When a company traces its history back nearly 150 years, its story is likely one of continuous change and evolution. For Dotson Iron Castings of Mankato, Minn., it is also a story of survival, innovation and respect for people.

During the Manufacturing Leadership Council’s recent plant tour, Dotson’s leaders shared elements of this story and gave visitors a firsthand look at its production practices and culture.

Overcoming Obstacles

With its roots dating back to a blacksmith shop founded in 1876, Dotson Iron Castings has persevered through early product failures, a 1937 bankruptcy, the 1980s recession, a 2017 fire, and the COVID-19 pandemic, and emerged stronger due in part to the company’s leadership, people and culture.

In its early history, the company offered diversified products including an automobile, a tractor and its best-seller, the Little Giant Trip Hammer. The company also dealt in brass, aluminum, and steel. Since 1983, the 125,000 square foot foundry has focused solely on ductile iron primarily for the industrial, agriculture, and truck industry segments. By focusing on this single product, Dotson has become an iron casting and Manufacturing 4.0 leader.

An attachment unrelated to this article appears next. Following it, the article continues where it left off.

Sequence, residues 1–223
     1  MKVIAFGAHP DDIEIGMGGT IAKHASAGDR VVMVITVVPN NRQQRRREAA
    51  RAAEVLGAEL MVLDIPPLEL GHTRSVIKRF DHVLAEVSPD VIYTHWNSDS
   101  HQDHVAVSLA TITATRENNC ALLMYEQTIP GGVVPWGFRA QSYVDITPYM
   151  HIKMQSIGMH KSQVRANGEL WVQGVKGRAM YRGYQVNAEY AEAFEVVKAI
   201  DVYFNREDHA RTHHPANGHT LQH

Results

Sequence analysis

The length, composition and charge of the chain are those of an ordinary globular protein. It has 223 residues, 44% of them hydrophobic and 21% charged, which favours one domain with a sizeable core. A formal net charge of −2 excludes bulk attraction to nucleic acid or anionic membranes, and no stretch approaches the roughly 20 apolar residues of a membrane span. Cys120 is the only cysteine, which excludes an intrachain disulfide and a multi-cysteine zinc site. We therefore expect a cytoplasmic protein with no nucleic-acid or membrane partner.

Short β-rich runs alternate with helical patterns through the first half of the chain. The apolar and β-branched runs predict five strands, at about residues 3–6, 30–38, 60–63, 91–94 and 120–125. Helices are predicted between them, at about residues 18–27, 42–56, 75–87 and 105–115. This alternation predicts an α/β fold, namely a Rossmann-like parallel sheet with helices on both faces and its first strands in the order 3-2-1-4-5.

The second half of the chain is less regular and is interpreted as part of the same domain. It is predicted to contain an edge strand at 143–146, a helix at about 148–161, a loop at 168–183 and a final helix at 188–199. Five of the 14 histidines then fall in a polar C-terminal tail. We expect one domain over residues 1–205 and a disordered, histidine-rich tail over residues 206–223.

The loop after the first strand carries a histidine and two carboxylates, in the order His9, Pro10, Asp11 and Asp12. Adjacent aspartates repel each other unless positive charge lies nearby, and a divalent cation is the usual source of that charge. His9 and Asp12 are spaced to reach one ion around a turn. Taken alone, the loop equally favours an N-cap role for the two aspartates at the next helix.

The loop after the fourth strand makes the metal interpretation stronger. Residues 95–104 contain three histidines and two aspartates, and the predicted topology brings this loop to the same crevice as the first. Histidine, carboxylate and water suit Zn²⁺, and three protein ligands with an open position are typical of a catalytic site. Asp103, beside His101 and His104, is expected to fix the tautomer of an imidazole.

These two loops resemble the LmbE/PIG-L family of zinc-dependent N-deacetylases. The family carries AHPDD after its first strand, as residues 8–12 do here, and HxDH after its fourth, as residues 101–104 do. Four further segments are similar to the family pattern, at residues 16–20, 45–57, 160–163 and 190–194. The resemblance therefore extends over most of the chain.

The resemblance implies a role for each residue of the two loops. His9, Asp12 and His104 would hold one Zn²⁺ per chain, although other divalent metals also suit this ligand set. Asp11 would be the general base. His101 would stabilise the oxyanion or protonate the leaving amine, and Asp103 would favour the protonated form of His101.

Innovating for the Future

As the company has evolved, its leadership and employees have created a culture that respects people and encourages innovation. The company’s Manufacturing 4.0 journey has seen Dotson implement data generation and collection systems including a FARO Quantum Scan Arm that takes 3D measurements to inspect product quality. Other innovations showcased during the MLC tour include machine monitoring data, automated charging in the melt process and automatic mold pouring.

On the sustainability front, the company continues to find new ways to reuse energy and materials. It takes a tremendous amount of energy to reach iron’s 2700 degrees Fahrenheit (1482° C) melting point, which in turn creates heat energy that Dotson captures and uses to heat its facility in winter months, including an in-ground heating system to keep its loading dock area free from ice and snow – both common for Minnesota. The company reuses excess iron that is removed from castings in the finishing process and also reclaims the sand used in its molds, eliminating almost 70% of the non-recyclable waste leaving its facility.